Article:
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At RadioShack, Profits Are The Prime Directive

The following is an excerpt from the latest installment of TWICE’s Executive Retail Roundtable, in which we gather some of the best and the brightest in tech retail to address the state of the industry. Here, we discussed the current state of RadioShack with its president/CEO. 

TWICE: Dene, how was your first holiday season at RadioShack?
Dene Rogers, RadioShack: We had a decent fourth quarter. We are in transition, and the focus was very much on gross profit rate, not absolute sales dollars.

We are a company that is focused on cash flow and improving our financial position. We fortunately had a pretty decent lift in gross profit dollars versus last year, which was the first holiday season out of bankruptcy. We do have last year’s comparison, and some of the strong categories for us were music and audio, as well as the do-it-yourself types of products that are connected with the STEM (science, technology, engineering and math) trend.

We also sold some national brand products like Echo. The main focus for us, however, was private brands.

TWICE: RadioShack has always been a destination, especially around Christmastime for some of the toy items.
Rogers: Drones were a big hit, as well as remote-controlled cars.

TWICE: Remote control is almost an iconic category for RadioShack, and drones I would imagine also played into your wheelhouse.
Rogers: It’s a very adjacent category to remote-controlled cars.

See The Rest Of The TWICE Retail Roundtable

How Alexa And Home Networking Are Stirring Up The Smart Home

Just How Good Were Holiday Sales At Retail?

Tech Trumps President’s Policies

Through The Looking Glass With VR/AR

Whither Wearables; What Lies Ahead

Advancing Past The Gender Divide

Where does the store count stand?
Rogers: It’s a little bit over 1,500 company-owned stores, and then about 500 franchised stores in the continental U.S.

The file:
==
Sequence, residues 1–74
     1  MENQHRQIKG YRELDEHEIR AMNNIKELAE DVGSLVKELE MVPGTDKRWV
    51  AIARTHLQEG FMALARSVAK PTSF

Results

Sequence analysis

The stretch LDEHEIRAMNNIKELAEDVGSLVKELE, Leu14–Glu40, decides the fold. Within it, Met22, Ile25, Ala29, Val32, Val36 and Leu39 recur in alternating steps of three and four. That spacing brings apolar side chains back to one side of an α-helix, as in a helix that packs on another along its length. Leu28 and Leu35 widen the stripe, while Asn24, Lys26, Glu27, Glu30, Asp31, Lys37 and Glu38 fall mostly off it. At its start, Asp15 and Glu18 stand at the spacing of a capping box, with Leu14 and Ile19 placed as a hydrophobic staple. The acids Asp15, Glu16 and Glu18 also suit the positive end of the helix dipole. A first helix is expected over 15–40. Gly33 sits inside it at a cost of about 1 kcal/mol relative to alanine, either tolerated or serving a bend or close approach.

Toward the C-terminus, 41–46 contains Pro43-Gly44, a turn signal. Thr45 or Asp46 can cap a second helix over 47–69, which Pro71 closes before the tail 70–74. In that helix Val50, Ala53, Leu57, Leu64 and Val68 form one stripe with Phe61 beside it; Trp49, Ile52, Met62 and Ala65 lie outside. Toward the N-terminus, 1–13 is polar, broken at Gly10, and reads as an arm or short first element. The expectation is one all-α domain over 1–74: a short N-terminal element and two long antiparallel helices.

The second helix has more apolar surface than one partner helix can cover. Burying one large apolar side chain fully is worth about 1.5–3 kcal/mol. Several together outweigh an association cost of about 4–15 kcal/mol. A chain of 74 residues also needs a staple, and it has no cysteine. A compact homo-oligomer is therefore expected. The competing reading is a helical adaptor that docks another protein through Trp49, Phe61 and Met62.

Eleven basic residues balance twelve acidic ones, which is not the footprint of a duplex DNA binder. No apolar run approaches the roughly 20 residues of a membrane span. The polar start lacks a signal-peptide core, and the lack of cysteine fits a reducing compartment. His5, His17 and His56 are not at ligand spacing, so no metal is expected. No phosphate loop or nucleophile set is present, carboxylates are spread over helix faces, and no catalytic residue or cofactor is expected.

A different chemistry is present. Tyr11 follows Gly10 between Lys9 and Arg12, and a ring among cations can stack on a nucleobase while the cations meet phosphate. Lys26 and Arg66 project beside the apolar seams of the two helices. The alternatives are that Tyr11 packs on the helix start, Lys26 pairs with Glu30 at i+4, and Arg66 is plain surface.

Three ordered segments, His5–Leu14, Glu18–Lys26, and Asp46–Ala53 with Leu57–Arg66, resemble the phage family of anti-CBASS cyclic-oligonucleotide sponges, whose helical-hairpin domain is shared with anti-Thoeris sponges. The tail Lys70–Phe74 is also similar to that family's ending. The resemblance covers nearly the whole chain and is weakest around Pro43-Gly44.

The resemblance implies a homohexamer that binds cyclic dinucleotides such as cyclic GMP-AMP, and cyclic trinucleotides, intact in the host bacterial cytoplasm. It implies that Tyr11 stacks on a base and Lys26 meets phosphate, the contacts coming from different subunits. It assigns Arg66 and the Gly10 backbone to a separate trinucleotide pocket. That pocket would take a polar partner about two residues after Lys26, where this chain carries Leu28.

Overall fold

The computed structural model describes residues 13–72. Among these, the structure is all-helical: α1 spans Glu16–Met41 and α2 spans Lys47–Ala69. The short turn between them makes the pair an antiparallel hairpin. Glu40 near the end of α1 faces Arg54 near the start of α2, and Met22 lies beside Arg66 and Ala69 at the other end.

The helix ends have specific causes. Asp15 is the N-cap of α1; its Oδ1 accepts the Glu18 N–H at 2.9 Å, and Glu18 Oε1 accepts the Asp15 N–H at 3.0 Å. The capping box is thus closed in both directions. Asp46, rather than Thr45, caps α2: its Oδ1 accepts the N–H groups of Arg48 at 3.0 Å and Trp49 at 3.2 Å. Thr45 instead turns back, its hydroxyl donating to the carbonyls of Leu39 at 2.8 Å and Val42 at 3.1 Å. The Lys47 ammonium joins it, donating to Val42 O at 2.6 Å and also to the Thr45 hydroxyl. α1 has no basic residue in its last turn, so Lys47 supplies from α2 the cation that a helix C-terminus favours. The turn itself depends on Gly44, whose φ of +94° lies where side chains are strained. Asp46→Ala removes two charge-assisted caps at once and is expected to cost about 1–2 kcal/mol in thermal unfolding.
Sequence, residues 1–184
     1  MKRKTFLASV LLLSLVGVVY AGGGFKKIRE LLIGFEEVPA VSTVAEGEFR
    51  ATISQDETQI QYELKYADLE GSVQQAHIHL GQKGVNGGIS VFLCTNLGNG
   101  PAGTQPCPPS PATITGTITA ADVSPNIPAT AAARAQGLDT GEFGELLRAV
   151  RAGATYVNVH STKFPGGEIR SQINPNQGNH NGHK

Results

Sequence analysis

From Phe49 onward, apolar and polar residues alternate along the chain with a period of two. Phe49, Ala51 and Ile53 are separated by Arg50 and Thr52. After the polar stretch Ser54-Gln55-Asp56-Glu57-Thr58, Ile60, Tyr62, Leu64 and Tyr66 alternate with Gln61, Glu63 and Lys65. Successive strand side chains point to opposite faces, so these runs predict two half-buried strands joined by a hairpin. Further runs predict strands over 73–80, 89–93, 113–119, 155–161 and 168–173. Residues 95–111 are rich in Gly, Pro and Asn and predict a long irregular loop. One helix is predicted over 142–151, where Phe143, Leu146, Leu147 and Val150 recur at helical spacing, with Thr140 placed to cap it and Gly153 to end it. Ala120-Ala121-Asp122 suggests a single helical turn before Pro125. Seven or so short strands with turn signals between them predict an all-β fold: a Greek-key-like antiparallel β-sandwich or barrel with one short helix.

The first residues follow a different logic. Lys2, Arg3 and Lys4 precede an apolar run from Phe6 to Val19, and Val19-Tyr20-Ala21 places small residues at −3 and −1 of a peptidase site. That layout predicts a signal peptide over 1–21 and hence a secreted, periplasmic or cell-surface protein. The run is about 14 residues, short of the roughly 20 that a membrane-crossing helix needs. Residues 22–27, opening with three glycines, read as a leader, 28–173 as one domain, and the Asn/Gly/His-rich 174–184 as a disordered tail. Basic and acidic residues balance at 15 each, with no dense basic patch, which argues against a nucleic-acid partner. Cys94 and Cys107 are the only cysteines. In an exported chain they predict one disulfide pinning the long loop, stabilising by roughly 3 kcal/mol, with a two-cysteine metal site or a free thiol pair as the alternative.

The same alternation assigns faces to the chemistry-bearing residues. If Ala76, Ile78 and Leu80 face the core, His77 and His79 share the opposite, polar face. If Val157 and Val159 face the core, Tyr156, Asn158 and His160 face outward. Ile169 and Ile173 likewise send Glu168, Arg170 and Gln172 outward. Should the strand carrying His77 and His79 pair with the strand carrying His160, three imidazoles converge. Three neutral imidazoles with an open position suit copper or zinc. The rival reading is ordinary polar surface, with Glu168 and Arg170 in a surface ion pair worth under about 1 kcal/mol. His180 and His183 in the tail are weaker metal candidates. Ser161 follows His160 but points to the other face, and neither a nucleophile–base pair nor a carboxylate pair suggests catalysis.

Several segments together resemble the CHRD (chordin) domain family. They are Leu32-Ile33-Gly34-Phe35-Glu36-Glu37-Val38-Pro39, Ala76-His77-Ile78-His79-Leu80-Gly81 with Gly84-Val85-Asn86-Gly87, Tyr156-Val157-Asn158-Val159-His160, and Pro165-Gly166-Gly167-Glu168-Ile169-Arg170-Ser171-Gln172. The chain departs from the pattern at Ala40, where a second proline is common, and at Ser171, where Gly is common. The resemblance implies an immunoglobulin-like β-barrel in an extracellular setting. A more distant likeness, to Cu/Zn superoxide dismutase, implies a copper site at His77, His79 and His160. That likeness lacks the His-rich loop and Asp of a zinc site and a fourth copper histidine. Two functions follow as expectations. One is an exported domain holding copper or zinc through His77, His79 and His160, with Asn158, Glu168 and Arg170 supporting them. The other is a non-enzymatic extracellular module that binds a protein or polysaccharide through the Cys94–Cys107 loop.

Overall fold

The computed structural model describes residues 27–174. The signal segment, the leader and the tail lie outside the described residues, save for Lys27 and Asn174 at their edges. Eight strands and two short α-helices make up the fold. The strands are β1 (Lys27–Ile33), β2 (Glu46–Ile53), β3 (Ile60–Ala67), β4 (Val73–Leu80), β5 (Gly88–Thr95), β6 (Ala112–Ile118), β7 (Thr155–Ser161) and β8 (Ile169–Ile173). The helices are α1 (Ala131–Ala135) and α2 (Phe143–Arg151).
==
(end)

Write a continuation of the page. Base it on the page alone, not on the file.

TWICE: How many locations is Sprint in?
Rogers: About 1,200.

TWICE: How is the shift to online affecting store traffic?
Rogers: There’s been a shift for years; that will continue. But again, it’s not about the number of units being sold; it’s who is making the money and who is not. There are always trends where unit sales are up, but they don’t drive profits.

There are some really exciting things, and if you don’t participate in them, you will be signaling to your customer that you’re not current. The question is always who is making the money. If your company isn’t, that is not a viable business model.

The conversation about voice-activated devices is very legitimate. It’s a huge trend and always will be. There’s massive growth in units and applications, but you have to come back to who is making the money. That is what I would say is the general theme about online retailing/brick-and-mortar retailing. It’s not good enough just to follow the trend. You’ve got to be able to make money.

TWICE: So as you survey the retail landscape, and you have a kind of clean slate from which to remake and rebuild the company, how do you envision a 21st century RadioShack?
Rogers: Like I said, you have to balance following trends. For example, if you weren’t selling voice-activated devices this year, you would be basically saying to millions of people, we’re not following trends that are really important to you, the customer.

So you have to follow those, but at the same time you have to think more broadly than what the industry is directing — particularly those players who are making all of the money.

For us to sell a voice-activated device, by the time you add in the labor and your portion of some of the fixed costs, you don’t actually make any money. The customer is happy, which is great, but the sales goal in the store is to sell more than just that device.

You have to look more broadly, and I think there are questions about the safety of wireless. There are questions about whether more and more devices make people happier, or are people getting fed up? There are some of those fairly esoteric trends that play into this and at some point become major factors.

But as a retailer, or whatever you describe yourself as, you’ve got to look for markets and opportunities no one is talking about. For us, one that I mentioned is STEM education, which is not traditional retail at all but more of a B-to-B model, which we see as a big opportunity with significant profitability.